wintun

Activists continue to defend the ancient indigenous burial ground at Glen Cove, south of Vallejo, California, against plans by the Greater Vallejo Recreation District (a local parks and recreation administration) to turn the area into a park with a parking lot, restrooms, a paved trail etc. June 4th, 2011, marked the 50th day of protest at the site. Indigenous groups with historical ties to the site include the Ohlone, Patwin (Wintun), Bay Miwok, Coast Miwok, Wappo, and Tule River Yokuts. (h/t Censored News)
(Photo via Protect Glen Cove)

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Please Speak Your Native Language

I belong to the Paskenta Band of Nomlaki Indians and I have been actively learning our language for about 17-18 years now. I was inspired to post this today because it is International Mother Language Day (February 21, 2013)

My grandmother was a native speaker of Nomlaki. As with many Indian children of her time, she was rounded up with a few others from the Paskenta region (in western Tehama County, California), and taken nearly 600 miles away to the Sherman Institute at Riverside, California, for assimilative education.

She had nothing nice to say about that place where she was corporally punished for speaking her language. Actually, she said she liked a basket-making class and, when once after an earthquake, all of the students were made to sleep out on one of the lawns.

She, along with another friend from Paskenta, escaped the school and somehow made their way (over 570+ miles) back to Paskenta where they went immediately to work in the orchards and fields.

Although she would, on occasion, speak Nomlaki to her parents, aunties, and friends, she never taught any of her 14 children to speak Nomlaki. By the time I was in my late-teens, she hadn’t spoken Nomlaki in the home for years. That changed when I started asking her questions.

She ended up passing away not too long after I started my language journey. I am so happy I got to hear the little things that I did directly from her.

A year before her passing, I was very fortunate to have attended UC Berkeley’s Breath of Life Conference in 1996, where I began my formal quest to our Nomlaki language revitalization. My formal journey had begun.

If you speak a native language, please be sure to pass it on.
If you are a Native who is on the road to learning your language, never be discouraged. Anything you do is better than doing nothing at all.

Hō.

UPDATE 2/26/2013:
As a result of this video, I was approached by a good man, Dennis King, to participate in a project that he described as “quixotic”.
I am all about “quixotic”.

I translate an 8-line, 1,000-year old Irish joke into Nomlaki.
You can find it here:
http://www.smo.uhi.ac.uk/sengoidelc/donncha/tm/ilteangach/?teanga=wit-nom

Check out all the languages featured in this project here:
http://www.smo.uhi.ac.uk/sengoidelc/donncha/tm/ilteangach/teangacha.php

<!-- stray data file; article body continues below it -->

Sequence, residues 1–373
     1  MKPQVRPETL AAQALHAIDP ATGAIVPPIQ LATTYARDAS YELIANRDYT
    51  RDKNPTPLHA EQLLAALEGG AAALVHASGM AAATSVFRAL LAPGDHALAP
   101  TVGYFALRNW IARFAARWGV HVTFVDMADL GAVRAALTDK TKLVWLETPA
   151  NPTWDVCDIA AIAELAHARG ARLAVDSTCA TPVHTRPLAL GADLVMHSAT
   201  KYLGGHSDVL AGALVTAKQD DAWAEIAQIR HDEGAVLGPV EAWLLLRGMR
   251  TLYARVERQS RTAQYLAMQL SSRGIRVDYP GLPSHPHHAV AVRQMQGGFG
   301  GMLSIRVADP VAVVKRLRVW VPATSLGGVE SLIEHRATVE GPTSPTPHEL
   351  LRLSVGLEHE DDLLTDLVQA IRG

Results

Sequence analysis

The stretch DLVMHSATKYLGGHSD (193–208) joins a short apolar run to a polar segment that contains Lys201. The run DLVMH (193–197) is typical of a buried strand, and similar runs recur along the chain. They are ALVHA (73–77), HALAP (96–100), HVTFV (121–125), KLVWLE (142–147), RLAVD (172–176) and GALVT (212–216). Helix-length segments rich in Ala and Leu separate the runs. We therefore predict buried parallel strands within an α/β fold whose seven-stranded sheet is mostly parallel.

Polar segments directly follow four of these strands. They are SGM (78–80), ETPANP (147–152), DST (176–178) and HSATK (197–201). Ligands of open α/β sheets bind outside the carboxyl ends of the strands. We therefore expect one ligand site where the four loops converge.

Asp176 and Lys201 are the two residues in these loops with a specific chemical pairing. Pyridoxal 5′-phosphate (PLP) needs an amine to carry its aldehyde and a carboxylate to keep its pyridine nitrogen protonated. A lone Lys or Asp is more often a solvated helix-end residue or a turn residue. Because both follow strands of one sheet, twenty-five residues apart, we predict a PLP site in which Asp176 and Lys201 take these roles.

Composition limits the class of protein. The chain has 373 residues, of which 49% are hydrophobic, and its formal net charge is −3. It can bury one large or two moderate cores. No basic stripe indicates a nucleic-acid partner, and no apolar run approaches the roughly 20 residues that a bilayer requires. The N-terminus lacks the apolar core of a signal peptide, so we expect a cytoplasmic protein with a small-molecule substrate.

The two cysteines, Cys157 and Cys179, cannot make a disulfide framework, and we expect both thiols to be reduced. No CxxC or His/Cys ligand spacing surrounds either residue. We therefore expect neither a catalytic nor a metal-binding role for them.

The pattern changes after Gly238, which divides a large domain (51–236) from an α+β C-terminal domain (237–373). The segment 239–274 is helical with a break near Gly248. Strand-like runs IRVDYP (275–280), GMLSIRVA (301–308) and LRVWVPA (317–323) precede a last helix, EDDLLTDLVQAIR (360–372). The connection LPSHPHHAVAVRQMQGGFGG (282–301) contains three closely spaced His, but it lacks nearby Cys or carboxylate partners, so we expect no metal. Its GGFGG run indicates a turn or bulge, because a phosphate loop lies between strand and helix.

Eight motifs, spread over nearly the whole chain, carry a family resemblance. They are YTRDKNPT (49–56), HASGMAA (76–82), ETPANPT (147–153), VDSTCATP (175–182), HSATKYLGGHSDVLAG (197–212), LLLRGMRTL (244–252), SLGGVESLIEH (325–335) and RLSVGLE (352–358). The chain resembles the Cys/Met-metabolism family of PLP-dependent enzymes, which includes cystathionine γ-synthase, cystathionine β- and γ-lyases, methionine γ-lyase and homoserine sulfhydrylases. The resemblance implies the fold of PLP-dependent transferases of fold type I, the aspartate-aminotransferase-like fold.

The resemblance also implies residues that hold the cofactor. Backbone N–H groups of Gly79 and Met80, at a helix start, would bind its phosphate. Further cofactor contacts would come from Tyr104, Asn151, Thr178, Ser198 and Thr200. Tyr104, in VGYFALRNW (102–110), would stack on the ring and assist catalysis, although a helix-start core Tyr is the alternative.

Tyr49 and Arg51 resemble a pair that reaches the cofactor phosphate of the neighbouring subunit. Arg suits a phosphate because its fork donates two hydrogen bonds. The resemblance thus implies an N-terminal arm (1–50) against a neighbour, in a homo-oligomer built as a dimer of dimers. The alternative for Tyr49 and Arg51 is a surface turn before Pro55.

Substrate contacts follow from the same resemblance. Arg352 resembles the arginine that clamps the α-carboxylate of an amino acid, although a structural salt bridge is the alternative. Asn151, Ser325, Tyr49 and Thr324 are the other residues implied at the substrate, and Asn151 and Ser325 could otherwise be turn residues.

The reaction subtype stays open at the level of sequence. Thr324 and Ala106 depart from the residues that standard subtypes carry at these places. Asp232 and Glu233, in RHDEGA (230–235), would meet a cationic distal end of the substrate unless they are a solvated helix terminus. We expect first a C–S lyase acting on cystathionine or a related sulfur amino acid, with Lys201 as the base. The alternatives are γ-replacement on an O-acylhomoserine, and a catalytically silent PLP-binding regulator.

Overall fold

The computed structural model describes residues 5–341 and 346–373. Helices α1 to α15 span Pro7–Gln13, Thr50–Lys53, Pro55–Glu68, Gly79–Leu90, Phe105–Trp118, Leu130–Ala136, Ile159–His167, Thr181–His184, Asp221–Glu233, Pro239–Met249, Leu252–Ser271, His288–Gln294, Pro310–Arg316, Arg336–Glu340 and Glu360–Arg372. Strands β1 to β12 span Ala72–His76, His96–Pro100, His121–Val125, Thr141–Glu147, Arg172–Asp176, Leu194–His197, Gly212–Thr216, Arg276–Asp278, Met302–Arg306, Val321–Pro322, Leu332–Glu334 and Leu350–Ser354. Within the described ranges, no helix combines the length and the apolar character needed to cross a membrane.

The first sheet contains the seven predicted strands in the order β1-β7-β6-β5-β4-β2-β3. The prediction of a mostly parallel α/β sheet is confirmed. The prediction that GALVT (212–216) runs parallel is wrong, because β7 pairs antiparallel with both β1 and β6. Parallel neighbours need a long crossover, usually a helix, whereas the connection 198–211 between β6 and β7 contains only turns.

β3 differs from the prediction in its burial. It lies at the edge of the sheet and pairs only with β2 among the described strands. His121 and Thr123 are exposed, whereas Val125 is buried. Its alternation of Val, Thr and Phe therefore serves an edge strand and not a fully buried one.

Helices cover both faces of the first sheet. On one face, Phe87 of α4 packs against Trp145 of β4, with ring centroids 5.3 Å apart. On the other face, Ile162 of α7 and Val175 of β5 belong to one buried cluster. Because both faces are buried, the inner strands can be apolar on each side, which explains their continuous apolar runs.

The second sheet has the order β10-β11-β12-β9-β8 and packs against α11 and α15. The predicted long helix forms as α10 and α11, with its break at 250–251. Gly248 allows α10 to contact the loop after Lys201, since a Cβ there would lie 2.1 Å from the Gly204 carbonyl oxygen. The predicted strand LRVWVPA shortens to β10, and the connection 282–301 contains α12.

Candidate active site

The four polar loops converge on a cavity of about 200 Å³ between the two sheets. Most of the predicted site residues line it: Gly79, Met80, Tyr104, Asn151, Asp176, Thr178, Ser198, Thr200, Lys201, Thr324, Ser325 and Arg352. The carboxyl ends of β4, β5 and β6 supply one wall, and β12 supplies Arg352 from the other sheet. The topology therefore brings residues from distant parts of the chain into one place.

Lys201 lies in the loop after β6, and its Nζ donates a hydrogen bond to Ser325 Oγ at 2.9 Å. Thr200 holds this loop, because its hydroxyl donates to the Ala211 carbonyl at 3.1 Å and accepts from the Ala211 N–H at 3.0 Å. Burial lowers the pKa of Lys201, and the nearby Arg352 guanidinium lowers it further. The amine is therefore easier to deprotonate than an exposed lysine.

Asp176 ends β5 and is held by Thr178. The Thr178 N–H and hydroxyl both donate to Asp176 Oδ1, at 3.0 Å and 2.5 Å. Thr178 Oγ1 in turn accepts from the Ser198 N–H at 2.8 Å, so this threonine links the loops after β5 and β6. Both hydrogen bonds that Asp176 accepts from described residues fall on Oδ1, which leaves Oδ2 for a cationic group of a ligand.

For more info about the joke itself, go here:
http://www.smo.uhi.ac.uk/sengoidelc/donncha/tm/en/

How Death Came To Be - A Wintun Legend

As the creator-god of the Wintun, or Wintu, Olelbis lived in Olelpanti, or heaven. Olelbis had intended that man live forever. When they were old, they could climb a ladder to Olelpanti where they could eat and live with him. In one version of the myth, Olelbis sent two buzzards to build the ladder, but a coyote (who is the trickster god in Wintun mythologys) came by and persuaded them to stop building. The buzzards stopped working, but they warned the coyote that one day he too would die. So the coyote tried to reach Olelpanti by flying, but never succeeded and died without going to Olelpanti.

In another version of the myth, it is two brothers instead of two buzzards. But Sedit, trickster-god of the Wintun, appeared on the scene and persuaded one of the brothers that it would be better to sleep with someone, and so procreate the human species. The one persuaded by Sedit argued the other into agreement, and both defected from Olelbis and joined together to destroy the road they were building to heaven. Sedit, horrified when he finds he has brought death to the human race and must die himself, tries to escape his fate. He makes himself a mechanism of boughs and leaves (a sort-of plane) hoping to fly to Olelpanti. But he crashes and is killed. Olelbis looks down from the heights of heaven and says, “See. The first death! From henceforth (all) men shall die.”

Anti-Redskins Commercial Will Air During NBA Finals


The Yocha Dehe Wintun Nation, a California Tribe, has bought commercial slots in seven media markets (Chicago, Dallas, Los Angeles, New York, Sacramento, San Francisco and Washington) for the purpose of showing a commercial that protests the team name and mascot of Washington’s NFL franchise. The NBA finals are shown on ABC.

Activists continue to defend the ancient indigenous burial ground at Glen Cove, south of Vallejo, California, against plans by the Greater Vallejo Recreation District (a local parks and recreation administration) to build a parking lot, restrooms, paved trail etc on the burial site. July 5th, 2011, marked the 83rd day of protest at the site. Indigenous groups with historical ties to the site include the Ohlone, Patwin (Wintun), Bay Miwok, Coast Miwok, Wappo, and Tule River Yokuts. (See also: 1, 2, 3)
(Photo via Protect Glen Cove)